Unfortunately, your house is also home to chemicals and other toxins – a lot of them. With each breath of your home’s air, one study found you could be inhaling up to 400 different chemicals, some of which researchers couldn’t even identify. Among those that were identified were pesticides and “a wide array of hydrocarbons, fragrances such as the musk xylenes, flavors relating to spices, aldehydes, alcohols, esters and phthalate esters, and other miscellaneous types of chemicals.”[i]
These chemicals are there courtesy of some of your most beloved home goods; they outgas into your air or into your household dust (which is then circulated into your air). Other items you don’t think twice about may also pose unique hazards to your family aside from air pollution.
You may have thought about doing a detox for your body … but what about your home? It’s a good idea to conduct one at least annually, and the first step to any detox program is removing the most toxic elements around you … I’d recommend starting with these that follow …
Trash These Toxic Home Goods for a Healthier Family
Carpet is a synthetic material, made from petroleum byproducts, nylon, acrylic, PVC and more. These substances outgas toxic chemicals such as volatile organic compounds (VOCs) and formaldehyde into your home’s air. VOCs have been linked to cancer and damage to the liver, kidneys and central nervous system. Your carpet is also a ready home for mold, bacteria and viruses. According to one expert, Phillip Tierno, director of Clinical Microbiology and Immunology, NYU, your carpet may contain 200,000 bacteria per square inch, which would make it 4,000 times dirtier than your toilet seat.[ii] You can learn about safer flooring options here.
6. Dryer Sheets
The air vented from dryers using scented dryer sheets has been shown to contain hazardous chemicals, including acetaldehyde and benzene, which are classified as carcinogens by the U.S. Environmental Protection Agency (EPA).[iii] Worse still, they coat your clothes with chemicals like acetone (found in nail polish remover) and quaternary ammonium compounds, which are linked to asthma.[iv]
5. Oven Cleaner
Most oven cleaners contain sodium or potassium hydroxide, which help dissolve the baked-on debris. However, they can also burn your skin, lungs and eyes. Some also contain high concentrations of butoxydiglycol (DEGBE), a solvent banned in the European Union at concentrations above 3 percent in aerosol cleaners because it may irritate and inflame your lungs. To clean the bottom of your oven, sprinkle it with baking soda (liberally) and then spray with water. Let it sit for eight hours then scrape off.[v]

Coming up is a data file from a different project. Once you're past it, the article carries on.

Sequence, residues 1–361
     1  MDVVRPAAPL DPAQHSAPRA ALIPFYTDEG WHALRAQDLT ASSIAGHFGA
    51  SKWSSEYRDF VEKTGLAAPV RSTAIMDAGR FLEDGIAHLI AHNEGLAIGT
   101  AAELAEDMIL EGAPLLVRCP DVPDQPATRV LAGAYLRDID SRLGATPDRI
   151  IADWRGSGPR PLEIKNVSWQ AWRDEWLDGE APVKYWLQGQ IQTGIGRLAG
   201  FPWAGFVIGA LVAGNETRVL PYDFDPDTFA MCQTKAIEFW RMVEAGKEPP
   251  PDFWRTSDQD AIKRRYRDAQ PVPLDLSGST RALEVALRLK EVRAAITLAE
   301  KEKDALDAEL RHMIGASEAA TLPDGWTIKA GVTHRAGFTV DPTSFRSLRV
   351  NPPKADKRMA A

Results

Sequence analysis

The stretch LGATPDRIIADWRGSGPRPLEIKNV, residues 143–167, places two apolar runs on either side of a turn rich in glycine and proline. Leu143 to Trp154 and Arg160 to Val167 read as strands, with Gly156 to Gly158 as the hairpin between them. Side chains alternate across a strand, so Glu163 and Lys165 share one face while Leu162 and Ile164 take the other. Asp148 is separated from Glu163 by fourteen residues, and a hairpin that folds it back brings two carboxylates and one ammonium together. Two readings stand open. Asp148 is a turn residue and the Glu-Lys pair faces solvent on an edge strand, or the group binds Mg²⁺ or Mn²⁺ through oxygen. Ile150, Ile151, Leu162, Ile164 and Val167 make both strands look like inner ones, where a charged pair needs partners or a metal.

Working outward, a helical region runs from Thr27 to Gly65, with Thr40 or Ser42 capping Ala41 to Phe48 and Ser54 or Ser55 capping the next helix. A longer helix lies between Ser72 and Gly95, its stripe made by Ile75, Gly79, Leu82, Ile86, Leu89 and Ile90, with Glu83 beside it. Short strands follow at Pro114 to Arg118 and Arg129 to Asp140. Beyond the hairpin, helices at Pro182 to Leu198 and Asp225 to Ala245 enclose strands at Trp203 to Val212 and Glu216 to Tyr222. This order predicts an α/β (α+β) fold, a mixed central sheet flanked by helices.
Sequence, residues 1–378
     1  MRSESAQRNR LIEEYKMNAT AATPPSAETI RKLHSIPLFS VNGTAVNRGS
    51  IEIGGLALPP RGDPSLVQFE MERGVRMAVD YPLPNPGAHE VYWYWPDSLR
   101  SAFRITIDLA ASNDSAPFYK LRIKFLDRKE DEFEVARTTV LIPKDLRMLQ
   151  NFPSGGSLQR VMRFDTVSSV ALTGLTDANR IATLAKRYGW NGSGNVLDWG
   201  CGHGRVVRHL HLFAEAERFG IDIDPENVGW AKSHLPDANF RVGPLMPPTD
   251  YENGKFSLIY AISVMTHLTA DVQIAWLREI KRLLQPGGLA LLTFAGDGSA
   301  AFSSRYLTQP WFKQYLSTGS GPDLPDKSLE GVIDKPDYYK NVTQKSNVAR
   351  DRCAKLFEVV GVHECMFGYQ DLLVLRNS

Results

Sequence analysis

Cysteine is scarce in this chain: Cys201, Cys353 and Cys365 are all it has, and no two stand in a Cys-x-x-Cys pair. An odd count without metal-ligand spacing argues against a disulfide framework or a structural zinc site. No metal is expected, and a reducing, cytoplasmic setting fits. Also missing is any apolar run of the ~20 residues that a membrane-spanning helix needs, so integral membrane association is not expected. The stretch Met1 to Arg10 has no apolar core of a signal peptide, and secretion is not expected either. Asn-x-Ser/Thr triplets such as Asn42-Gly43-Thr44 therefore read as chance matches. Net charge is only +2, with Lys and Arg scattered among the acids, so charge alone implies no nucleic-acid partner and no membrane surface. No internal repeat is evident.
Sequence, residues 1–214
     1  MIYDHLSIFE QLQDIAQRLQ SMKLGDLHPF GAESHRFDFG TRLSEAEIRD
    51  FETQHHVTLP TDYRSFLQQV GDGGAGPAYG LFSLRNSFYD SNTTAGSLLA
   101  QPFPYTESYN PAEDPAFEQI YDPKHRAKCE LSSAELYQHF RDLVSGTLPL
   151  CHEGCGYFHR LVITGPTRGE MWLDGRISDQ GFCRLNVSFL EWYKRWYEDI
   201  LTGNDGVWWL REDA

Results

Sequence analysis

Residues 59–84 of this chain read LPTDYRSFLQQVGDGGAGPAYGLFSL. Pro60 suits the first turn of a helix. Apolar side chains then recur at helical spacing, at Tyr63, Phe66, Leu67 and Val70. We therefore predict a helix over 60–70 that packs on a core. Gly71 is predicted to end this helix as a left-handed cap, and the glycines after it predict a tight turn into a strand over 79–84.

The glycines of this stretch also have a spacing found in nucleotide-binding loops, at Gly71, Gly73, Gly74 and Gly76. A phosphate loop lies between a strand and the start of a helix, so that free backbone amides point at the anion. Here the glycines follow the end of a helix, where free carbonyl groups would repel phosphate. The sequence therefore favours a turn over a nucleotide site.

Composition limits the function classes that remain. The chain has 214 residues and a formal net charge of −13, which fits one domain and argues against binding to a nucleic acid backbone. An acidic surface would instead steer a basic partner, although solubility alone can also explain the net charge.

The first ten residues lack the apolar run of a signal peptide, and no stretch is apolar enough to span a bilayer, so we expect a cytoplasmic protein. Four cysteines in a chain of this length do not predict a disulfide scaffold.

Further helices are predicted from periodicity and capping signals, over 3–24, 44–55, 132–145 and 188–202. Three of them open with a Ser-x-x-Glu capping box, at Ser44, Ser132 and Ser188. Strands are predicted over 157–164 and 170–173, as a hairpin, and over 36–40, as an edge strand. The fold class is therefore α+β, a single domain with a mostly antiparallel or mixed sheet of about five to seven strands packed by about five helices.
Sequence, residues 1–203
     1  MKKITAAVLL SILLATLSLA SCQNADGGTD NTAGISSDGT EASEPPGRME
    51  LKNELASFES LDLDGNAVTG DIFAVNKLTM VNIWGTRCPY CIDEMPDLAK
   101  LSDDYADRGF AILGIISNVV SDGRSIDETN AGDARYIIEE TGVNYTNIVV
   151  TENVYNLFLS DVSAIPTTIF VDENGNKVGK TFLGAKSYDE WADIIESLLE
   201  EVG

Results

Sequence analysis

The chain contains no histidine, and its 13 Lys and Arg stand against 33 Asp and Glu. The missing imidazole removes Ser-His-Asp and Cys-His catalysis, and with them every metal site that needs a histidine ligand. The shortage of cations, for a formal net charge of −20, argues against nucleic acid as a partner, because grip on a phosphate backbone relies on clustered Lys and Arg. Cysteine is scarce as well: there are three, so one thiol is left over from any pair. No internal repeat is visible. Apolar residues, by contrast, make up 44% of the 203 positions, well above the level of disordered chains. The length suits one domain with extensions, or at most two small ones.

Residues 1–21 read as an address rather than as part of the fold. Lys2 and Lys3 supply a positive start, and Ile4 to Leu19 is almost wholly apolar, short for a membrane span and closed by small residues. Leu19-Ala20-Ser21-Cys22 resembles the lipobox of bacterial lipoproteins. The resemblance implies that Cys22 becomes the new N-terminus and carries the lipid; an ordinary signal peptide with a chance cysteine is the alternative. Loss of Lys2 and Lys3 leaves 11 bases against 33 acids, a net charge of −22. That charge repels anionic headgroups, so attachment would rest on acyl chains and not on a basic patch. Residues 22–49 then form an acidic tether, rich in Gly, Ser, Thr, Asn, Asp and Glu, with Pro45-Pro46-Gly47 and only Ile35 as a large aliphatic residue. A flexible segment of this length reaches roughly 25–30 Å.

4. Kitchen Sponge
The sponge you use to wash dishes and clean your kitchen counter may contain 10 million bacteria per square inch and be 200,000 times dirtier than your toilet. Dr. Roxanne Sukol, medical director of the Cleveland Clinic’s Wellness Enterprise, told the Wall Street Journal, “There is a forest of bacteria, spores, even pathogens, in a sponge—not just one single culture … It becomes contaminated the minute you touch it.”[vi]
Replace your kitchen sponge at least two to four times a month, and run it through the dishwasher (or microwave it, wet, for 60 seconds) regularly. Those latter tricks have been shown to get rid of nearly 100 percent of the lurking bacteria.[vii]
Pesticides aren’t only toxic to pests … they’ve been linked to obesity, leukemia, Parkinson’s disease and other health problems in humans as well. And once you use them in your home, they’re there to stay. One study by the EPA found that not only are most kitchen floors in the US contaminated with pesticides, but they can linger there for a decade.[viii]
Swap all forms of pesticides (including those used for flea/tick treatments on pets and lice treatments) for natural alternatives. Natural castile soap or vinegar mixed with water works to keep many pests away. Essential oils including lemongrass, cedar and eucalyptus also help to repel pests.
2. Plastics Marked With #7 and Canned Foods
These are potential sources of bisphenol-A (BPA), the endocrine-disrupting chemicals that’s been making headlines for years now due to its potential links to cancer, productive problems, obesity, heart disease and more. When storing food, glass is a better option than virtually any form of plastic, as even BPA-free plastics have been shown to release estrogenic chemicals that may cause adverse health effects.[ix]
1. Your Couch Cushions and Mattress
These are common sources of flame-retardant chemicals, which may migrate into your home’s air, settle into household dust and ultimately be inhaled by you and your family. These chemicals have been linked to reproductive disorders, cancer, brain damage and more, and they pose an especially serious threat to children and pregnant women.
When choosing furniture, look for naturally flame-resistant materials like wool, cotton or jute. Avoid those with the TB 117 label (which is the California flammability standard) and instead look for TB 117-2013 (which was recently updated to no longer require the use of such chemicals, although it is not a guarantee of their absence). When buying a mattress, use this natural mattress buyer’s guide to find a toxin-free option.
Written By: Updated: December 29,2014